The new tutorial has been posted on Vimeo here. As Vimeo is not accessible in mainland China, it will also be posted on WeChat in the coming weeks.
We are pleased to announce recipients of the 2018 Bibliography fellowships, who will serve from 2018 to 2021. Congratulations to the following!
- Allison E. Bernard, Ph. D. candidate, Columbia University
- David E. García, professor, Carthage College
- Liorah A. Golomb, associate professor and humanities librarian, University of Oklahoma
- Bassey E. Irele, librarian for sub-Saharan Africa collection development, Harvard University
- S. C. Kaplan, lecturer of French, Rice University
- Antonio Cardentey Levin, Ph. D. candidate, assistant professor, University of Florida
- Britt McGowan, associate librarian, Florida State University
- Jessica D. Ryan, scholarly communications assistant project manager, Smith College
- Christoph Schmitz, Ph. D. candidate, Duke University
- Brian James Stone, assistant professor, California State Polytechnic University
Bibliography fellows examine scholarly materials and submit citations and indexing information for inclusion in Bibliography.
Fellows perform a service for the profession and receive institutional recognition while deepening their knowledge of their field, sharpening research skills, and exploring new areas of inquiry.
Fellowships are for a three-year period, 1 July 2018 to 30 June 2021. The MLA provides training.
On completion of the fellowship, fellows receive a stipend of $500 and a certificate at the MLA Convention awards ceremony. For fellows attending training sessions at the MLA Annual Convention, conference registration fees are waived.
We look forward to working together on the MLA Bibliography!
In January 2018, the MLA International Bibliography launched four new subject area modules to accompany its “Understanding the MLA International Bibliography” online course. Each module focuses on searching the bibliography for scholarly publications in one of four disciplines: folklore, linguistics, dramatic arts (including film, television, video, and other broadcast media), and rhetoric and composition. Students who complete the new modules can earn badges in each of these four subject areas. Visit http://mla.moonami.com to access the course and new modules.
The online course and its accompanying modules are free and available for re-use and modification under a Creative Commons license. The initial course generally takes 90 minutes to complete; each of the additional modules takes about 20 minutes to complete. For additional information, please contact email@example.com.
The MLA International Bibliography congratulates the 2017 Fellowship Award recipients:
Joshua E. Finnell, head of research and instruction, associate professor, Colgate University
Marla Harris, independent scholar
Michael F. Winter, humanities librarian, University of California, Davis
The fellows, who have contributed to the bibliography from 2014 to 2017, will be awarded a certificate of accomplishment and a check for $500 during the 2018 MLA Awards Ceremony, which takes place at 7:00 p.m. on Saturday, 6 January, in the New York Hilton (West Ballroom, third floor). We offer our sincere thanks and appreciation for their service to the MLA International Bibliography!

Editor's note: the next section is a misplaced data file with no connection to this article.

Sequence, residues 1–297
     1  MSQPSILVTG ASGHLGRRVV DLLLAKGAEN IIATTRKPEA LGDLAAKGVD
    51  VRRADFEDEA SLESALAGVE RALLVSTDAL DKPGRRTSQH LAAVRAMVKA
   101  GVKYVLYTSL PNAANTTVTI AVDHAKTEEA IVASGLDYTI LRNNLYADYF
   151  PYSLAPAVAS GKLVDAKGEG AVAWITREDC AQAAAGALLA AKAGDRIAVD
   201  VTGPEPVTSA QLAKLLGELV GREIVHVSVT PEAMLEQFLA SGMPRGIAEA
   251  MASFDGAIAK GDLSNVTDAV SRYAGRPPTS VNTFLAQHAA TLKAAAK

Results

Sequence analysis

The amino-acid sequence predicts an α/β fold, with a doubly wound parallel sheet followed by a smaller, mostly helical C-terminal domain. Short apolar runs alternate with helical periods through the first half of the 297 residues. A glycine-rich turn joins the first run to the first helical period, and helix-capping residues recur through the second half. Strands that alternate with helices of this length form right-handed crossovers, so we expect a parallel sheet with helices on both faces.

For more information about the fellowship program and how to apply, please visit the MLA Bibliography Fellowships Web page.
The MLA International Bibliography team is pleased to announce the most recent addition to our free tutorial video series, “Folklore in the MLA International Bibliography on EBSCO,” available at https://vimeo.com/236972619
This tutorial demonstrates strategies for Folklore research making use of the Bibliography’s extensive coverage of the field, achieved and maintained through our partnership with the American Folklore Society and Indiana University Bloomington.
In a blog post published by EBSCO, MLA archivist Liza Young traces the beginnings of what is now the MLA International Bibliography.
A timeline of the bibliography’s history from the 1920s to the present is available here.
The MLA released today an online course to teach students the scope and purpose of the MLA International Bibliography and how to use it effectively for college-level research.
Each of the five units in the course presents a lesson, followed by progression questions to reinforce the lesson through active engagement with the bibliography, and a quiz.
Students will receive a badge upon passing each quiz and a course completion badge upon completing all of the lessons and passing all five quizzes.
The course usually takes students 90 minutes or less to complete and requires access to the MLA International Bibliography through the institution’s library. For access to the course and related lesson plans and ideas for integrating the course into class curricula, visit the Teaching Resources on the MLA Style Center, or go straight to the course to create a free account and start earning badges.
(The current course is designed for use with the MLA International Bibliography from EBSCO. Versions designed for the bibliography on ProQuest and on Gale are planned.)
Please help us evaluate the MLA Directory of Periodicals by taking our survey.
The MLA Directory of Periodicals provides detailed information on over 6,000 journals and book series that cover literature, literary theory, dramatic arts, folklore, language, linguistics, pedagogy, rhetoric and composition, and the history of printing and publishing. Articles published in works listed in the directory are indexed in the MLA International Bibliography.
In a post on EBSCO’s Insights & Research blog, MLA International Bibliography Editor Barbara Chen underlines the important contributions of volunteer scholars to the bibliography, and some current contributors share their insights.